Liz: I’m very grateful for the unique worldview I’ve developed as a result of the opportunities provided to me by my mother…a very talented and visionary Ugandan woman who deliberately exposed me to various cultures so that I would be able to make my own unique mark on society. As a result I believe that my role as a consultant is that of a bridge-figure and connector who is able to identify opportunities for collaboration between seemingly disparate entities and individuals across the world. As an educator / speaker for the last 10 years, I’ve worked to share knowledge I’ve gained from interacting with people from and traveling around the world. Fortunately for me, a lot of what I do is facilitated by technology, either through distance learning courses, online forums and platforms where I exchange ideas with others around the world.
SA: You define yourself as the “IT Girl”. What does it mean? Do you face some discrimination as woman in IT? What are your joys and challenges as “IT Girl”?
Liz: Fortunately I joined the tech industry 20 years ago when there were still few people qualified to work in the field and therefore the discrimination I experienced was minimal. Additionally, the degree I received from Syracuse – Bachelor of Science in Information Systems with a concentration in Telecommunications Systems, along with my interest in marketing / sales enabled me to serve as a critical intermediary between business people and technology professionals in three of the companies in which I worked in the first 10 years of my career. As one of the original iT Girls (coined by my alma mater Syracuse University iSchool), I proudly support and encourage other women to pursue education and careers in the field or to seek ways to leverage technology to make themselves more marketable by finding innovative ways to do add value to their employers’ customers. Additionally, the term is a double entendre emphasizing that women in our field are in-demand, cool and trailblazing – in a manner similar to the way the “it girls” are perceived in high school. My joy as an iT Girl is seeing more women become economically advantaged by pursuing careers that are lucrative, while at the same time contributing to the innovations that will advance our society.
Liz getting ready to welcome the nearly 100 high school junior and senior girls who participated in the iSchool’s 2nd Annual It Girls Overnight Retreat in November 2012. Source: Liz Ngonzi
SA: In July 1980, when you were 10 years old, your mom who was one of the very first African female diplomats, and also a gender equality activist, brought you to the second World Conference on The United Nations Decade for Women in Copenhagen, Denmark. You’ve mentioned that attending that conference has had an impact on your life and career choice, can you tell us more?
Liz: Meeting so many powerful women at the conference and those with whom I’ve interacted throughout my life has empowered me to live a life in which I do not let perceived limitations curtail the opportunities I create or pursue to make an impact. While I spent the first 10 years of my career in Corporate America, I’ve spent the last 10 as an entrepreneur and educator mostly working to help nonprofit organizations to think more like entrepreneurs and business people as a means to raise money and better engage their supporters. Many of the organizations to which I’ve consulted focus on empowering people through education, health and career development. Some of them do so for women, such as the African Medical and Research Foundation (AMREF), the National Eating Disorders Association, Susan G. Komen for the Cure, and The Office of the Special Advisor the United Nations Secretary-General (now UN Women). Increasingly I’ve been working with entrepreneurs in Africa, particularly women, to help them find ways to begin and grow social enterprises that will enable them to become financially independent while at the same time creating jobs for others and making an impact. I believe that by increasing the amount of entrepreneurial activity on the continent, I am able to contribute further to its development and independence.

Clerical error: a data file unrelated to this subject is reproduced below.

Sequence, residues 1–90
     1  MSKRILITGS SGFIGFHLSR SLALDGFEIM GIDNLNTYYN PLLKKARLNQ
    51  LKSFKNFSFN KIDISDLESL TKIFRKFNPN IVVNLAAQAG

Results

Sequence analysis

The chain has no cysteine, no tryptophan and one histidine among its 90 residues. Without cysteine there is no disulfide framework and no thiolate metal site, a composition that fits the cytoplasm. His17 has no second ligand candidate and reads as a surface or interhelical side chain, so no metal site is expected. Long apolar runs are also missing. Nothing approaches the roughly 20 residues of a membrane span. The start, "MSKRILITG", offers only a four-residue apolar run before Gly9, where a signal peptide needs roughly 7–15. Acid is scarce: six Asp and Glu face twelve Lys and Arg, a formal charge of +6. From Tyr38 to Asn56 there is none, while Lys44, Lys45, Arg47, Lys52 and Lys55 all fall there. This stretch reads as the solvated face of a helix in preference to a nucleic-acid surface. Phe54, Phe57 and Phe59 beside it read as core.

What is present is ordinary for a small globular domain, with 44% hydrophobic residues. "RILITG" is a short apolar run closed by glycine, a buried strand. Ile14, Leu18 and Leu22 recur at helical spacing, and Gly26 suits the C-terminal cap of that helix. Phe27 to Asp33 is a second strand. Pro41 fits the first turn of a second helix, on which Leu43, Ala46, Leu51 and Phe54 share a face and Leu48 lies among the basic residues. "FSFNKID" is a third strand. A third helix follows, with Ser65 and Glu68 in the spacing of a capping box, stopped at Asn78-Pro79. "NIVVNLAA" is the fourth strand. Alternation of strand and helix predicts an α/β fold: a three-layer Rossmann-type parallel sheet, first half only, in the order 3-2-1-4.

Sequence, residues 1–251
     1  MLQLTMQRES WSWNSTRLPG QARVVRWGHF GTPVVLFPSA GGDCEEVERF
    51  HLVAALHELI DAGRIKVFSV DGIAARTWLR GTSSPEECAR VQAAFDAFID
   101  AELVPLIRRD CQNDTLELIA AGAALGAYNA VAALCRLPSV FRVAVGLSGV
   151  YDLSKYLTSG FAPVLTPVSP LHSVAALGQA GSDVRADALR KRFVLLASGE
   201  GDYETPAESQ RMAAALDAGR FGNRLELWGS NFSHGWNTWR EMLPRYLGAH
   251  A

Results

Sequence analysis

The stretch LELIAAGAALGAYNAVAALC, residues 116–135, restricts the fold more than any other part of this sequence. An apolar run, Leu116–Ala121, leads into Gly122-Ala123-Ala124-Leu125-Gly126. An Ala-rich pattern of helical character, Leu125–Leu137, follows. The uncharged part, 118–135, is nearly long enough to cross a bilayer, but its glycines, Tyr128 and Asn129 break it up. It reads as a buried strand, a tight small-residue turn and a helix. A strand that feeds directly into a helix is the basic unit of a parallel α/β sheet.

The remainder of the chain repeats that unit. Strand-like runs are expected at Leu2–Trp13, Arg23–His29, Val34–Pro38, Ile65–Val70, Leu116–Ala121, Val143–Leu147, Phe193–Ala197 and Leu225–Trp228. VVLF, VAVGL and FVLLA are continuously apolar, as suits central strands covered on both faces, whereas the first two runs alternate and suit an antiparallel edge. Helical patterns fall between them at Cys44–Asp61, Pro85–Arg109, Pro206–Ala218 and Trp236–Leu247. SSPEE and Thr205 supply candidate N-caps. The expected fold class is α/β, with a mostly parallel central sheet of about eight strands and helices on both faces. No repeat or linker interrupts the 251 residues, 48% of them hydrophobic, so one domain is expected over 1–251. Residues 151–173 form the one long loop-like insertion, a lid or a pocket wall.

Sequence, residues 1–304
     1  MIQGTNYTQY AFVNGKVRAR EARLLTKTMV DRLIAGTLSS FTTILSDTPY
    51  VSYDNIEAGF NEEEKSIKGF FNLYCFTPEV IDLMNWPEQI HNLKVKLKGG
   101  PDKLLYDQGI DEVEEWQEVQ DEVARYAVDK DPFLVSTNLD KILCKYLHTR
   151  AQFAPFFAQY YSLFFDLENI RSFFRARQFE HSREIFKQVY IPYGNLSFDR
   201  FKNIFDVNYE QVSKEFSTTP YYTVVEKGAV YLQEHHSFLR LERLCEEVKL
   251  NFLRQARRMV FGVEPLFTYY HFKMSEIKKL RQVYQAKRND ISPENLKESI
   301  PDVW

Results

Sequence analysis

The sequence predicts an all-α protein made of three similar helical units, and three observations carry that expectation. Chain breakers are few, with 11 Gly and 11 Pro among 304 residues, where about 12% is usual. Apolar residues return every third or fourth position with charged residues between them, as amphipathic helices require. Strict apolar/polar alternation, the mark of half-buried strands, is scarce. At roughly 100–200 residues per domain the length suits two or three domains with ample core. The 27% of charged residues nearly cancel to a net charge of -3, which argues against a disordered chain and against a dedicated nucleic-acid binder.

I should also note that the majority of my team members have been women, not because I discriminate against men; however women are seemingly the ones most attracted to my vision. As a team leader I mentor them and place a real emphasis on enabling them to leave with valuable skills, networks and confidence to help them make their own impact on the world. Additionally, I’ve mentored hundreds of people throughout my career, both male and female, focusing on enabling them to feel confident in being the best they can be and to affect real change.
SA: Your company “Amazing Taste” connects nonprofits with corporations and philanthropists to further social causes through fundraising and educational events, trainings. You also offer your clients solutions to leverage socials media and traditional marketing to reach their fundraising goals. Can you tell us more about how social media are an important tool for nonprofits organizations?
Liz: Until 2008, the focus of our services was on traditional event-based fundraising, supported by email campaigns, website marketing and online auctions. In response to the financial meltdown in 2009 which drastically affected our clients’ bottom lines, we had to change strategy and find more innovative and cost-effective ways to help them raise money and enhance their brand presence. We found that by looking to social media and increasingly to mobile, we were able to gain traction lost through better engagement of individuals– the largest donor group in the space. What social media does for nonprofits is that it enables them to reach existing and develop new markets for a fraction of the cost of doing so through traditional means. However, I should note that social media and other online channels do not substitute the face-to-face interaction necessary for larger gifts, and should be incorporated as part of a larger communication / fundraising program.